Ask a librarian for help.Make an appointment with a librarian at your school or public library. Bring any notes you’ve taken about your early research. Talk through your potential topics with the librarian and see what unique books or databases they think might be relevant to your research. This may introduce you to new angles on your potential topic.
- For instance, in our architecture example, a librarian might be able to get you access to the digital archive of Architectural Digest or past articles by the Urban Land Institute.
- Write down any important passwords or usernames you need to access the resources your librarian makes available.
Speak with an expert.Think about whether you know anyone who works in the field you are researching. If not, ask friends and family members if they know anyone, or do an online search for experts in that field. In many cases, you may be able to contact them by phone or email to ask them questions.
- An expert in the subject may have a deeper understanding of your topic ideas. They may be able to provide you with in-depth and specific expertise or advice.
Be wary of using online sources.For academic papers, sites like wikipedia are generally not permitted. However, you could use a site like Google Scholar to help you find quality sources. Be sure to choose sources that are factual, rather than opinionated, and that adhere to any guidelines provided by your professor or teacher.
Determine which topics have the most sources to draw from.After your preliminary research, take stock of which broad topics have lots of critical resources and which have fewer. Compare your notes in each of the 3 areas. You’ll want lots of good materials to support your thesis later.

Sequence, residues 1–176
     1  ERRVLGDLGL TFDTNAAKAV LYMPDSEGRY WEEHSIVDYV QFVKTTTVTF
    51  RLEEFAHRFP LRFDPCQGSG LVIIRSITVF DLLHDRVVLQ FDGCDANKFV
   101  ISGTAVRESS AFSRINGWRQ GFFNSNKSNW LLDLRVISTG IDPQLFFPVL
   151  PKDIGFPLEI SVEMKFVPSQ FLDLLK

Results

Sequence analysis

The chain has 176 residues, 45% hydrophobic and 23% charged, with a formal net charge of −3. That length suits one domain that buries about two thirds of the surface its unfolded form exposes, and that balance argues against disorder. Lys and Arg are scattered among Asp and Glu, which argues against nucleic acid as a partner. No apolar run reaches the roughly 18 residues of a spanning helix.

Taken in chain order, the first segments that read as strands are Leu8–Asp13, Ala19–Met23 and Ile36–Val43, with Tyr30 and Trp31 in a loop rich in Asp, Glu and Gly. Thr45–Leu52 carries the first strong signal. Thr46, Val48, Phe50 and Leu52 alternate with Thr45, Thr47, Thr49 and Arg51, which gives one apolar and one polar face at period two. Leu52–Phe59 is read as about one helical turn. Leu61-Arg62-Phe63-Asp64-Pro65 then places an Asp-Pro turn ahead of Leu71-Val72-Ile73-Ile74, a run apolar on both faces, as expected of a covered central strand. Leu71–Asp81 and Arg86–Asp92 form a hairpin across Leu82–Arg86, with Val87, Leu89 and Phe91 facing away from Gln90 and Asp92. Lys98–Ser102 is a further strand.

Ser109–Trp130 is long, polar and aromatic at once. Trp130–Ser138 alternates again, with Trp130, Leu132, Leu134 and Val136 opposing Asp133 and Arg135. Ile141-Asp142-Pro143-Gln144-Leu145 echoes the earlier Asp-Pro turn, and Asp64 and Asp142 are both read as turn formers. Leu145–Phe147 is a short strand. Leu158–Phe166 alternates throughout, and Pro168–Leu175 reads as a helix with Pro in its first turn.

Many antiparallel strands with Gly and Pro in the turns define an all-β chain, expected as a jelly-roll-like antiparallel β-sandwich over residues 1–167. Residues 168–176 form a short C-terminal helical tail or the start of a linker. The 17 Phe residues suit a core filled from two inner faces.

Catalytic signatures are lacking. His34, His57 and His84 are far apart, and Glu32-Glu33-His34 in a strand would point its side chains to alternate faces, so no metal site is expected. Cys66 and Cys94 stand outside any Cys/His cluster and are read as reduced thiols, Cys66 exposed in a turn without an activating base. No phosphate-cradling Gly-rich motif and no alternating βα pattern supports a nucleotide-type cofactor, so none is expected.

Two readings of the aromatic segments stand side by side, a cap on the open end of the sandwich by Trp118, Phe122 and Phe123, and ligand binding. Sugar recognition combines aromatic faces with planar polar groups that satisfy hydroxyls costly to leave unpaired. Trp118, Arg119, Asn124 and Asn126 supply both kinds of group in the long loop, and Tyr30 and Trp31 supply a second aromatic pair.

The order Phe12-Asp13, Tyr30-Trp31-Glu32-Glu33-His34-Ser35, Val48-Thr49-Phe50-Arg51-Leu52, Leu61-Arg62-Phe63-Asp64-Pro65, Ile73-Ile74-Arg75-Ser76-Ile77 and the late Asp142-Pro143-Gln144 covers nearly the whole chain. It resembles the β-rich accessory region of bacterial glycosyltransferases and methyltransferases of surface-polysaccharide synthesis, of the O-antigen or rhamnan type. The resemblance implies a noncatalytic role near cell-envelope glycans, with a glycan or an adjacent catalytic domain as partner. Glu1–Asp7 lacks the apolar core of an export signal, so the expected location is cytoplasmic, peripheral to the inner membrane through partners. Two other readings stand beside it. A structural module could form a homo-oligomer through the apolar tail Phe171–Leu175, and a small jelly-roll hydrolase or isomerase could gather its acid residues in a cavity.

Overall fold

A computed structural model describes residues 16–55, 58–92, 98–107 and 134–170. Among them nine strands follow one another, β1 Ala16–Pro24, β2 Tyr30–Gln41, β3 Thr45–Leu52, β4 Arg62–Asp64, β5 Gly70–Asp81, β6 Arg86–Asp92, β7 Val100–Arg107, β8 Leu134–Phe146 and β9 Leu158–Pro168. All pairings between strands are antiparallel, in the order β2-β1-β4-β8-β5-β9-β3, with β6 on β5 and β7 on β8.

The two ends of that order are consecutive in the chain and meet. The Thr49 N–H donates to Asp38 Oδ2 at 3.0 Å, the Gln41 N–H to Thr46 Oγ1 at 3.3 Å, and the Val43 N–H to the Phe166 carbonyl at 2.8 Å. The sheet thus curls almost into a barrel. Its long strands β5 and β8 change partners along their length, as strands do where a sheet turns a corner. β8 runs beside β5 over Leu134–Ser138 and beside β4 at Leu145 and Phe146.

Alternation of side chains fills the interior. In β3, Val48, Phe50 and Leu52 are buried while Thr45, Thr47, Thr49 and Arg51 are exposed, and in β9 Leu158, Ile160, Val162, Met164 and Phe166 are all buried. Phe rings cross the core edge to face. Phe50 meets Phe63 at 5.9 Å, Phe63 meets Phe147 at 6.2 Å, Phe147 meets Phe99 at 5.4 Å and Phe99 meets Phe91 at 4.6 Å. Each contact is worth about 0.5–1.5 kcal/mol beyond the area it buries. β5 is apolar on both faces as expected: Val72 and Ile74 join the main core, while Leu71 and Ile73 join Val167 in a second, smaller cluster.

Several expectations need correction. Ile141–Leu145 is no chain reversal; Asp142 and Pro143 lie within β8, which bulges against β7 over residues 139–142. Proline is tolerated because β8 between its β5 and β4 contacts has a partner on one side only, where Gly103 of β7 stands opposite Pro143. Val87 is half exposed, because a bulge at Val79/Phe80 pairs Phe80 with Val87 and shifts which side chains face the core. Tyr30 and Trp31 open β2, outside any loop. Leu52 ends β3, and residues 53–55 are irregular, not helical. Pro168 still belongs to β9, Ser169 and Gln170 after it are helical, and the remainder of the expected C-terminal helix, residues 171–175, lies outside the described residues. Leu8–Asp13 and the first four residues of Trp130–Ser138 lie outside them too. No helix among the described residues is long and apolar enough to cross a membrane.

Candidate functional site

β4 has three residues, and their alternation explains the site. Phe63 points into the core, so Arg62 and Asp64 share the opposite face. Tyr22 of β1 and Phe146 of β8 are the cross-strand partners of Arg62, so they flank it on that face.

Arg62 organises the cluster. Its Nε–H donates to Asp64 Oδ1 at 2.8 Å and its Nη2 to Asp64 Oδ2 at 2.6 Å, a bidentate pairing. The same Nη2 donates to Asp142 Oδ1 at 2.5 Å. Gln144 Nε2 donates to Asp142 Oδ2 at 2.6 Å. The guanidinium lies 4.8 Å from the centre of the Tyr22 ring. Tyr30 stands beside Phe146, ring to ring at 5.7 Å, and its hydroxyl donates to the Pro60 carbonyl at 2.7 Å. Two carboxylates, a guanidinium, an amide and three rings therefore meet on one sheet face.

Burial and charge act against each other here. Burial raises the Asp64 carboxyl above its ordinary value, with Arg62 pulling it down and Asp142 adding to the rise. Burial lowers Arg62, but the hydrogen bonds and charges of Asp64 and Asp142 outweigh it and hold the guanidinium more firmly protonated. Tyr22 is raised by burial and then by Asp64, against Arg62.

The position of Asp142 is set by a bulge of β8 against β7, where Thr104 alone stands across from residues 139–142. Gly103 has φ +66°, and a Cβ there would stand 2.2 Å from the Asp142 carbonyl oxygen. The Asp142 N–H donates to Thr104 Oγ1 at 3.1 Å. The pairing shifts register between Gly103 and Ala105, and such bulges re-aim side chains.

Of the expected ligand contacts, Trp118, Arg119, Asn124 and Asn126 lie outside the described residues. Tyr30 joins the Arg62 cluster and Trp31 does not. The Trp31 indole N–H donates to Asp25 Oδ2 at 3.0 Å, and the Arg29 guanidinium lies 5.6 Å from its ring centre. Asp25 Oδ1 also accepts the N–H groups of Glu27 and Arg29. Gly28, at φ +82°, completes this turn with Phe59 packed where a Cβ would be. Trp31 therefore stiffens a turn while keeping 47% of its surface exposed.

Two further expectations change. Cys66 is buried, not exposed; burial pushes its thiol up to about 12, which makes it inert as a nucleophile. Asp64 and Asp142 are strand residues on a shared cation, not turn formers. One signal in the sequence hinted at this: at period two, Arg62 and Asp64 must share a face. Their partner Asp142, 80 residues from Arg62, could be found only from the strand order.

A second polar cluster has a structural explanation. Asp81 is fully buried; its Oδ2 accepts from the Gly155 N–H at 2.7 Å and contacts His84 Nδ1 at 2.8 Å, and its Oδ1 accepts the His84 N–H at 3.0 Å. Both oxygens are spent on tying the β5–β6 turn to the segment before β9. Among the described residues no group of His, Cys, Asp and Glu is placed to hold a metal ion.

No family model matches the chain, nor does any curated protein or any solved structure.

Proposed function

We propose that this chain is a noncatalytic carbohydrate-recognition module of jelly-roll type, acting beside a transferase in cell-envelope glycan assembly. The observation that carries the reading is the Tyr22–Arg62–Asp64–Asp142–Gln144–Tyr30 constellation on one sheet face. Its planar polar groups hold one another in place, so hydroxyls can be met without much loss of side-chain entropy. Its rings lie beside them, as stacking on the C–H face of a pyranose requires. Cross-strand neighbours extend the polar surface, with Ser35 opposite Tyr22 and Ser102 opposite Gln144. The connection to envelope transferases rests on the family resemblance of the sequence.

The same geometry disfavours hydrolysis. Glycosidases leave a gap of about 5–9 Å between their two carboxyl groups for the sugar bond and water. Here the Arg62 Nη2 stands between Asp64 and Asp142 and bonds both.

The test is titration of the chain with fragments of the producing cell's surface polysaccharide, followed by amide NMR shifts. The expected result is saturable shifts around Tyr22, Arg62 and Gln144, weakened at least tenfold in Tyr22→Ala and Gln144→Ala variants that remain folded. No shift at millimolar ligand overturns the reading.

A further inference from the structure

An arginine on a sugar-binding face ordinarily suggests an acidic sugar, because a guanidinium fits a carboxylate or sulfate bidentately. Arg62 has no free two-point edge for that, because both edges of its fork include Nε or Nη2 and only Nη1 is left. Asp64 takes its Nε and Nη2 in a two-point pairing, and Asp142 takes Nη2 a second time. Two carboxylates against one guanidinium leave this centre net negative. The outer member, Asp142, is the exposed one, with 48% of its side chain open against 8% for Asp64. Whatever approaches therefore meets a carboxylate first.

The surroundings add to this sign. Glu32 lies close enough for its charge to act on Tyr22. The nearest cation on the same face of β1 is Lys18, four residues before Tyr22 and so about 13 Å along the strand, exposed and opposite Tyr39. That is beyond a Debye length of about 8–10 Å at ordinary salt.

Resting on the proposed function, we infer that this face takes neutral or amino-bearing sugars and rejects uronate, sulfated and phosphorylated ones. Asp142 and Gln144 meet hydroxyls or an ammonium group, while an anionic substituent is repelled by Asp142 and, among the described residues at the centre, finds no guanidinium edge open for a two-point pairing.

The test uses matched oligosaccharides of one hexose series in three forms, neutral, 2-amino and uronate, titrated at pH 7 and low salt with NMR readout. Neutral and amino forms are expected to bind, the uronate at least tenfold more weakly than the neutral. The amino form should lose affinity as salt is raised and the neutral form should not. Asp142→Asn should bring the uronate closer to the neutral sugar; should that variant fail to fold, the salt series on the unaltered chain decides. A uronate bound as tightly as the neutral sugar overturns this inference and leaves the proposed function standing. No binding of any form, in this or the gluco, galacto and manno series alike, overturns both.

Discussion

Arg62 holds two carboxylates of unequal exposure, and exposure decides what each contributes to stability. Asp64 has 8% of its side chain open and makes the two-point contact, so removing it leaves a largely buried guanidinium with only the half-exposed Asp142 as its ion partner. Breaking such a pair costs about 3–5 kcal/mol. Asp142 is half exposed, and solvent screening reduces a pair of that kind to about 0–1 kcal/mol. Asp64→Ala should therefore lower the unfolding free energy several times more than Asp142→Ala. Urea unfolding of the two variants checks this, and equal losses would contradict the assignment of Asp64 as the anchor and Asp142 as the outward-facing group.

Choose a broad topic for your paper based on your research.The process of getting to know the topics better should have helped you better feel out which area is most of interest to you. Weigh your interest in what you’ve found out and the resources available. An area of high interest with a lot of resources is ideal.
- It’s a good idea to create a working thesis as you go to help get a feel for what kind of approach will make the most successful paper.
- In our architecture example, nature and Prairie Style architecture could be your broad topic to further refine.
Refining Your Broader Topic
Phrase your topic as a research question.Using your preliminary research as a guide, turn your broad idea into a research question that you will attempt to answer with your paper. It can be helpful to consider the relationship between your keywords.
- Did one make or influence the other? Did they happen or live concurrently? The nature of your broad idea will inform the sort of question that makes sense.
- So, for example, rather than just nature and Prairie Style architecture, a research question could be: How did the Prairie Style architects represent nature in their architecture?
Narrow the scope of your question by adding detail.Make your question more specific so you are addressing the topic in a unique way. The best way to do this is to restrict the topic by adding conditions.Limitations about geography, time frame, or population are some popular ways of doing this.
- So, How did the Prairie Style architects represent nature in their architecture on Chicago’s West Side? Or how did the Prairie Style architects represent nature in their architecture in the 1950s?
Form a thesis statement.Now, use your preliminary research to form a basic answer to the question you created. This will be the topic of your paper and the idea around which you centralize deeper research going forward. The answer might be obvious in your opinion based on what you’ve read, or you might want to revisit some articles and sources now that you’ve narrowed your topic.
- Often there is no one right answer to a research query, and there doesn’t need to be! The answer depends on your opinion and how you interpret what you’ve read. Don’t be afraid to draw your own new conclusions.
- So, for example, how did Prairie Style architects represent nature in their architecture on Chicago’s West Side? The question might be answered, “The wide open green spaces of Chicago’s West Side inspired Prairie Style architects to add large windows. “This could be your paper topic going forward.
- Avoid well-trodden topics such as gun-control, suicide, and pregnancy unless you feel you have a unique perspective on one of these issues.
- Read the assignment carefully to make sure you are respecting any limitations or constraints on paper topics.
Video: How to Develop a Good Research Topic